Harrington to pursue TV career after basketball
MAR 27, 2013 10:11a ET
To borrow from Howard Cosell, Al Harrington was asked to tell it like it is.
“I think they’re overrated,’’ Harrington said of the Miami Heat. “Man, I don’t like the Heat.’’
The Orlando Magic forward then quickly stopped.
“I’m joking,’’ he said with a laugh. “That would have been bulletin-board material. I would have been all over the talk shows.’’’
Anybody these days claiming the Heat are overrated is either Jason Terry or foolish, which actually is the same thing.
Harrington loves the Heat. But he does see the San Antonio Spurs as a potential threat should the teams meet in the NBA Finals.
“I think the Spurs just because, No. 1, they probably have the best coach in the NBA,’’ said Harrington, referring to Gregg Popovich. “They’ve just got experience, veteran guys. They have a couple of guys they can kind of throw at LeBron (James) a little bit. But I don’t think Oklahoma City has one guy who can (do much to slow James).’’
If you like Harrington’s take, turn on the TV in a few years and you might get more of it. Harrington, 33, wants to be an NBA analyst whenever his playing days end.
Harrington is very serious about the pursuit. He will enroll this July in Sportscaster U, a four-day broadcasting program put together at Syracuse University in conjunction with the NBA Players Association. For about $6,000, Harrington will learn different facets of sports broadcasting and will have the chance to meet with television executives.
“I realize I’m starting to get close to the end of my career,’’ said Harrington, a 15-year veteran. “(Broadcasting) is something I definitely want to do. I just think with my experience, just being around, I kind of get it.
“I’m a big basketball fan. In the playoffs as soon as my team’s season is over, I don’t miss a game. I sit and watch every playoff game and watch NBA TV with all the TVs going. I just love the game. I kind of watch people’s tendencies and stuff like that. I just feel that if I got an opportunity, I would do a good job.’’
So why does Harrington really think he can make it?
“Just because I’m always honest and tell the truth at all times,’’ he said. “I think I’ll be able to say some things that most people won’t say because I think politics is prevalent in everything in our lives, so I think I would be the one guy who would not be affected by politics.’’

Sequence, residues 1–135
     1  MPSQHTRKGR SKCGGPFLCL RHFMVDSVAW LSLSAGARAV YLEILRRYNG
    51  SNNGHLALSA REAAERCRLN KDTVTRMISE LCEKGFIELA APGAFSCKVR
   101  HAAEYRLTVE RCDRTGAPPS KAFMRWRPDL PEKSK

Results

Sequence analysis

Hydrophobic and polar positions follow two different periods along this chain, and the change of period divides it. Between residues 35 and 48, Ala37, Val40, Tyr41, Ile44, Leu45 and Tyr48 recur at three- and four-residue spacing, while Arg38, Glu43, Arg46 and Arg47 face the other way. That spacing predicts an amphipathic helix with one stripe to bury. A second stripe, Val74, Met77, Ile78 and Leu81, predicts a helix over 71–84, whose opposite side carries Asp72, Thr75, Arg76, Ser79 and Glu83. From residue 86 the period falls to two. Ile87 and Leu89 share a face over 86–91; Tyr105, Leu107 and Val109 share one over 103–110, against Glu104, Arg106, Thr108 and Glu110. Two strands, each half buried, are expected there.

Asked to say something others won’t, Harrington noted he’s still under contract. So one might have to wait a while on that since Harrington's deal has two years left after this one.
Told Harrington is promising to be quite candid one day as a broadcaster, longtime Indiana Pacers television analyst Quinn Buckner laughed and said, “We’ll see. It’s easier to say than to do.’’
Nevertheless, Buckner likes Harrington’s announcing prospects. Buckner is a former NBA player and knows Harrington well from when the forward played with the Pacers from 1998-2004 and in 2006-07.
“I think he’ll do fine,’’ Buckner said. “He’s a smart enough guy and he speaks with enough (conviction) that he’ll be a good broadcaster.’’
During his NBA career, Harrington has gained a reputation for having the gift of gab. He regularly holds court with the media and is known for jabbering plenty on and off the hardwood.
“It’s very easy to ask him a question and listen for about 10 minutes,’’ said Denver Nuggets coach George Karl, a former ESPN analyst who coached Harrington from 2010-12. “He’s probably a writer’s dream… I think he would be a good selection (as a broadcaster). He knows what’s going on in the league…. I just hope he doesn’t turn into Charles Barkley.’’
The guy Harrington wants to emulate actually is ESPN’s Jalen Rose. The two were Indiana teammates from 1998-2002, including going to the NBA Finals in 2000.
“I think he does an unbelievable job,’’ Harrington said. “I think he does a great job doing his homework. He always knows what he’s talking about. You really respect somebody that takes their job that serious.’’
As for when Harrington might get behind a microphone, that remains to be seen. He says he wants to play another five years, although that seems unlikely.
After missing the first four months of this season due to knee trouble, he’s averaged just 5.1 points in 10 games. The Magic, wanting to look at young players, aren’t even using him now and it’s not out of the question this summer they could let go of Harrington, who has only half of the $14.55 million left on his contract guaranteed.
If that happens, we might find out sooner than expected if Harrington really will tell it like it is.